Apparel retailer lululemon athletica (NASDAQ: LULU) delivered another upbeat quarterly report after the bell Wednesday, with sales up by double-digit percentages, and results looking good both online and in stores. Management raised guidance, and the shares are trading near an all-time high.
In this segment of the MarketFoolery podcast, host Chris Hill and MFAM Funds' Bill Barker discuss how it has achieved its ongoing success, even in the wake of its C-suite challenges. They'll talk brand management and growth plans and offer up some caveats to investors.
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This video was recorded on June 13, 2019.
Chris Hill: Let's start with lululemon athletica. First quarter, I actually saw two different numbers on same-store sales. I saw up 14% and up 16%. We can just split the difference and say they were up double-digits. Lululemon also raised guidance. Shares up not tremendously on the day, maybe 1% or 2%. I think that's because they've had a good run of late.
Bill Barker: Yeah, maintaining at or near an all-time high. And yeah, the numbers that they presented were even a little bit more confusing than that. Its comparable store sales up 6%. 8% on consistent dollar basis. That's making an adjustment for foreign exchange. But then, total comparable sales up 14%. That includes open stores. Total sales up 20%. That includes online. They're doing a lot of things right. The margins are improving, they're getting it right in the stores. That's very much an outlier for retail right now. They're also doing it right online, which is less of an outlier, but great to be doing both right. That's part of the reason why the margins are improving, which is making the bottom line that much stronger.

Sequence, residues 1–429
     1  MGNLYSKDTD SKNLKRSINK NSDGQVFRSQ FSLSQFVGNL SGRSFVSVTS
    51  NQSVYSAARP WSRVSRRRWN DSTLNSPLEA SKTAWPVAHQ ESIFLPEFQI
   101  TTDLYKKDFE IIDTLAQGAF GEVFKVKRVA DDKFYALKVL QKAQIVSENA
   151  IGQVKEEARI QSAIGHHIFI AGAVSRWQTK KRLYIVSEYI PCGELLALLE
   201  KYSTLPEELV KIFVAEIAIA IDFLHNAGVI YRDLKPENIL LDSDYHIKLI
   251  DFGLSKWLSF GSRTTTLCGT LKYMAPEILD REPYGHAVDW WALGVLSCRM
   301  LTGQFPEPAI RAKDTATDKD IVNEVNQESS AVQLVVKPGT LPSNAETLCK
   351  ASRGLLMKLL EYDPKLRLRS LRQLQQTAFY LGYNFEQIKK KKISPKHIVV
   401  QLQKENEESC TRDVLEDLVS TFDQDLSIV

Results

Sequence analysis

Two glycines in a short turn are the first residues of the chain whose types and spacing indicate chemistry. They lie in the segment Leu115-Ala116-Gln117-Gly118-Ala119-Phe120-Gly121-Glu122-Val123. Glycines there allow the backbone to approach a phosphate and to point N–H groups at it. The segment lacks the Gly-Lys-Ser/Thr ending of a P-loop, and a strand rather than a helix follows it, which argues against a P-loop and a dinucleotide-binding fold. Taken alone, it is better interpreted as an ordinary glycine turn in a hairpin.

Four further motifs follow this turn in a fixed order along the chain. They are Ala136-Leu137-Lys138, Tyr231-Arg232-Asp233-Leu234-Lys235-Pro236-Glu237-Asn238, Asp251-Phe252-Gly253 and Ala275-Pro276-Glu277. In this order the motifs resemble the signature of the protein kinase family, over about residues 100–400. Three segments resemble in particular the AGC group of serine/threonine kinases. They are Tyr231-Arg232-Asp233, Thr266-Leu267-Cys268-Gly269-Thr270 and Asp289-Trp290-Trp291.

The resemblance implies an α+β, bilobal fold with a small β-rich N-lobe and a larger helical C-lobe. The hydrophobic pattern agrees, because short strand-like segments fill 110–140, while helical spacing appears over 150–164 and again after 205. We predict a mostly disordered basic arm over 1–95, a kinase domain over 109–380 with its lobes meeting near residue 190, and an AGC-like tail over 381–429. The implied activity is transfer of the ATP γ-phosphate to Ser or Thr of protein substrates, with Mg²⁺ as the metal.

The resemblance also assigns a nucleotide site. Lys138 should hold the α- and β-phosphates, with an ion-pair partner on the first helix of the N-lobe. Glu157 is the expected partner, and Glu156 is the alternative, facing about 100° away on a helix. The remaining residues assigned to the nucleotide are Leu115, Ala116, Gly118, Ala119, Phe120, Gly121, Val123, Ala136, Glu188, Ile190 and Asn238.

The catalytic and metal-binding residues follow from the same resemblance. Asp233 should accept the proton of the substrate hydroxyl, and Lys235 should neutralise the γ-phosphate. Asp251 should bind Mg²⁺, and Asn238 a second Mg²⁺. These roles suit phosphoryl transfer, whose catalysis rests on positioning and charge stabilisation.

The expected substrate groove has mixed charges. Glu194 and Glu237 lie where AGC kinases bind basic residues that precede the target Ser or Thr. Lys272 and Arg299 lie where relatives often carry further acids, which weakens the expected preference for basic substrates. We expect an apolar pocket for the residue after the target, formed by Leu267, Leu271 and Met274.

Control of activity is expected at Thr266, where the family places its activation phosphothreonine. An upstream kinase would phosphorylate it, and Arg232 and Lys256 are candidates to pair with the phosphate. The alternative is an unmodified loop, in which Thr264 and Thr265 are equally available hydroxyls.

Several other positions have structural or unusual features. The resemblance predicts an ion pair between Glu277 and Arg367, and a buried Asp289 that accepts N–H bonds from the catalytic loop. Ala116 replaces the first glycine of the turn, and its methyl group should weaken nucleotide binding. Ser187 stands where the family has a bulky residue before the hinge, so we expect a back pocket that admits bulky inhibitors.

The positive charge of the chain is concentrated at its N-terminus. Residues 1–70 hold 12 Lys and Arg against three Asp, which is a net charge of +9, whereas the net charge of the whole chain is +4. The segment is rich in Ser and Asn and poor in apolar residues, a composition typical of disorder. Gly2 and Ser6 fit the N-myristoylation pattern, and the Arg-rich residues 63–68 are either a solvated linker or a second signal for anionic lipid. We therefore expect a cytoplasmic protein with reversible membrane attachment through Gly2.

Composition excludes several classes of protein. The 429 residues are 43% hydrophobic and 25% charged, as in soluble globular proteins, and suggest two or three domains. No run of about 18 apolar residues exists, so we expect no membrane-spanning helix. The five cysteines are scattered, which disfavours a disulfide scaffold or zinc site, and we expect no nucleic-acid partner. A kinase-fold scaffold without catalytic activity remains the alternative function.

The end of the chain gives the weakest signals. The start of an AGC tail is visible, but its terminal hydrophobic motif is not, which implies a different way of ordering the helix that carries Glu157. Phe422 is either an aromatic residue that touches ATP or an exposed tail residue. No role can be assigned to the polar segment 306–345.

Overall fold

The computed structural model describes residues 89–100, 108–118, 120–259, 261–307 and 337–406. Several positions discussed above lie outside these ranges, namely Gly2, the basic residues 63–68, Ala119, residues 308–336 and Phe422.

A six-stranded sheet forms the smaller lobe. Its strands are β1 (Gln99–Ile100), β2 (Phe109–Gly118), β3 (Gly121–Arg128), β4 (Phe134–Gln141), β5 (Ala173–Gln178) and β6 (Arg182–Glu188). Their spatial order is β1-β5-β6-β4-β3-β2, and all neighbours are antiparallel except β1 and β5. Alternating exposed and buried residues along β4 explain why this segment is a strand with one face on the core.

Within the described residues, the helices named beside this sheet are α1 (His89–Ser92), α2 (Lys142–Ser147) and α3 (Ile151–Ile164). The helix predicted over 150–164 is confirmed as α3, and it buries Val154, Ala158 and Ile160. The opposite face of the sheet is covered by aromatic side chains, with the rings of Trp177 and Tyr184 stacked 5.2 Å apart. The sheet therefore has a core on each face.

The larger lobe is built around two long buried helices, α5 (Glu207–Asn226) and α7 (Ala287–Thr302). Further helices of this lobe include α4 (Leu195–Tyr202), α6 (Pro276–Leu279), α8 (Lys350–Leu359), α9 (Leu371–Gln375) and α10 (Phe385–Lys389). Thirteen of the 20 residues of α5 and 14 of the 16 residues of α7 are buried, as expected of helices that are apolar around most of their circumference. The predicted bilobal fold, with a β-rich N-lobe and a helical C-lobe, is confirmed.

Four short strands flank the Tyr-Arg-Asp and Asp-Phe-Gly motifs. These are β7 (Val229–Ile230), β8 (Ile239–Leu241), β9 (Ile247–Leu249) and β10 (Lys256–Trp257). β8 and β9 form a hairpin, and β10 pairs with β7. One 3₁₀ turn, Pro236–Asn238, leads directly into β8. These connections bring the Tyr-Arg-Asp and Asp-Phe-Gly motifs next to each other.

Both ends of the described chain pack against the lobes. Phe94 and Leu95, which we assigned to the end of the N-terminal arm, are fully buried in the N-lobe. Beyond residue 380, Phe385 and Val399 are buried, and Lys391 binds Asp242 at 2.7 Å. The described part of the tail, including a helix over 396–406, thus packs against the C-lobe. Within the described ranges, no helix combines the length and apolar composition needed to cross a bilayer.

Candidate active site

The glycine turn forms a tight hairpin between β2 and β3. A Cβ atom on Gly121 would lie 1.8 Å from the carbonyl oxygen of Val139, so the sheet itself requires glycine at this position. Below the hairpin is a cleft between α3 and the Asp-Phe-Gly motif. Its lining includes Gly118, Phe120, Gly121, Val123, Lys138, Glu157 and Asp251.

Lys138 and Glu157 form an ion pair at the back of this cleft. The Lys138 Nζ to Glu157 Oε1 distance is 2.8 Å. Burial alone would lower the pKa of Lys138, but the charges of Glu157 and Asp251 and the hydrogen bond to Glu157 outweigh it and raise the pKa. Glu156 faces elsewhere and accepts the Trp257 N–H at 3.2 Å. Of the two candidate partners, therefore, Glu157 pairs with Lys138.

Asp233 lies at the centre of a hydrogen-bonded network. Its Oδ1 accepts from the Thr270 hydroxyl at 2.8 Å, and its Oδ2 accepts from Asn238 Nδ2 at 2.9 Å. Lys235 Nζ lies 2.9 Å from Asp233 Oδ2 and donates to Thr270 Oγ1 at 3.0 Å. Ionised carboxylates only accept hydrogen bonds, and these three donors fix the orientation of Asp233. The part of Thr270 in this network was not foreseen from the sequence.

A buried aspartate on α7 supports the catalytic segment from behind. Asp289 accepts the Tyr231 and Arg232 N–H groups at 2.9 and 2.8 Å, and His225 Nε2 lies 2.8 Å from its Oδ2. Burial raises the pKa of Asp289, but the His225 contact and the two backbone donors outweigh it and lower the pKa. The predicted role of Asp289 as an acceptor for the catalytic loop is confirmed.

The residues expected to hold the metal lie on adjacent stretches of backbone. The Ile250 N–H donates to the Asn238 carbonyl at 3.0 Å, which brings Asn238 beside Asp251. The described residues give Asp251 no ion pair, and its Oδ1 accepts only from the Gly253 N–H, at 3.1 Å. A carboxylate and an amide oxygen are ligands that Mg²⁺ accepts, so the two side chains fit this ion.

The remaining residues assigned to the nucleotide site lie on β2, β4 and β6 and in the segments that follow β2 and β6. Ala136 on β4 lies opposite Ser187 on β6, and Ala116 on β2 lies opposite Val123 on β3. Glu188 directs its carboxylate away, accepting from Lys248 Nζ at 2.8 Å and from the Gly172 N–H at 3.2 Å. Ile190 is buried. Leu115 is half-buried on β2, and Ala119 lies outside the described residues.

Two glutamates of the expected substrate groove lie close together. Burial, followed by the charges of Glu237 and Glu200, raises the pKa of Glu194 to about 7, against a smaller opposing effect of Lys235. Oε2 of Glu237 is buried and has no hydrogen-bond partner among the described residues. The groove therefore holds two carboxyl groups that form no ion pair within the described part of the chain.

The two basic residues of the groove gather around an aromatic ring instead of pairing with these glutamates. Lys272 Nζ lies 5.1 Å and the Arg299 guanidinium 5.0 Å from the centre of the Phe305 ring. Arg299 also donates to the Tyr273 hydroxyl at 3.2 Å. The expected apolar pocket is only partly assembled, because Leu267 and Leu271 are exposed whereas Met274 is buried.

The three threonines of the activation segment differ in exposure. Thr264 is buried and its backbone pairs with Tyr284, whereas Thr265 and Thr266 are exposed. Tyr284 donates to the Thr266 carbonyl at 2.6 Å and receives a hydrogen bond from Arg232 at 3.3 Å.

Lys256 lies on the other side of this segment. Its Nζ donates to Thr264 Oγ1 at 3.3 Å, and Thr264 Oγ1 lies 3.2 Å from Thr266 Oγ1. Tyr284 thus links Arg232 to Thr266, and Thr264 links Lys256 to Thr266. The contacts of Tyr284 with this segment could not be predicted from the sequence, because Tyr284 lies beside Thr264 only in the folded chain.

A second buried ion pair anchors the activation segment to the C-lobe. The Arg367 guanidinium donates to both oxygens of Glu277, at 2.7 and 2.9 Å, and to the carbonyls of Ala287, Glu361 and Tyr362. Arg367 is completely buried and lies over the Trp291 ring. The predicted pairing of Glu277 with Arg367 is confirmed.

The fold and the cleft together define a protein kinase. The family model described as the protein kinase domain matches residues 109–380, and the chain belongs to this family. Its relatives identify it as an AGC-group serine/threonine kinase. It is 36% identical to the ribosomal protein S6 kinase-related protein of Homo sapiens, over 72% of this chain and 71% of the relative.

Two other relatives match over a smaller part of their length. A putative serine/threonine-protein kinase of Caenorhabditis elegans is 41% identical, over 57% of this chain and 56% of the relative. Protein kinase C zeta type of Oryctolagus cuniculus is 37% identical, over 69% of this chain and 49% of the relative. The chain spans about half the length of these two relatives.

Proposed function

Hill: One of the things Seth Jayson and I talked about yesterday about Lululemon was the challenges, let's put it politely, that the company has had in the executive suite over the last few years. And yet they've done an effective job throughout, I would argue, the past decade or so, of moving the brand away from initially being associated with hundred-dollar yoga pants to being more of an athletic brand, a lifestyle brand. They've done a very effective job of growing the brand equity of Lululemon. You look at Calvin McDonald, the current CEO, and one of the comments he made was about their plan to, as you touched on, grow digital sales, to double that in the next five years; to do the same with men's sales; to really grow international in a big way. If they continue down this path, I don't see any reason to doubt that they can accomplish this.
Barker: Yes, although I think taking the recent strength of operations and the numbers and then projecting that forward is a danger with retail, particularly with fashion retail. Fashions come in and out. They're, I guess, in an area which is growing, athletic wear. I think they're in a good place. But there'll be a hiccup, or more than a hiccup, there will be a miss somewhere, as there have been in the past. Some of that may be attributable to previous management, which has thankfully departed. But they will not go on forever without having, as I say, either a hiccup or a miss or go off the rails in some fashion at some point.
Hill: Right. I'm not suggesting that it's going to be nothing but sunshine and rainbows for the next five years. I'm curious, though. You used the word "fashion" referring to their retail. Do you think of this as a fashion retailer? I actually think of Lululemon as essentially walking the fine line between fashion retail and full-on athletic retail like a Nike or an Under Armour. I think they've done an effective job of splitting the difference.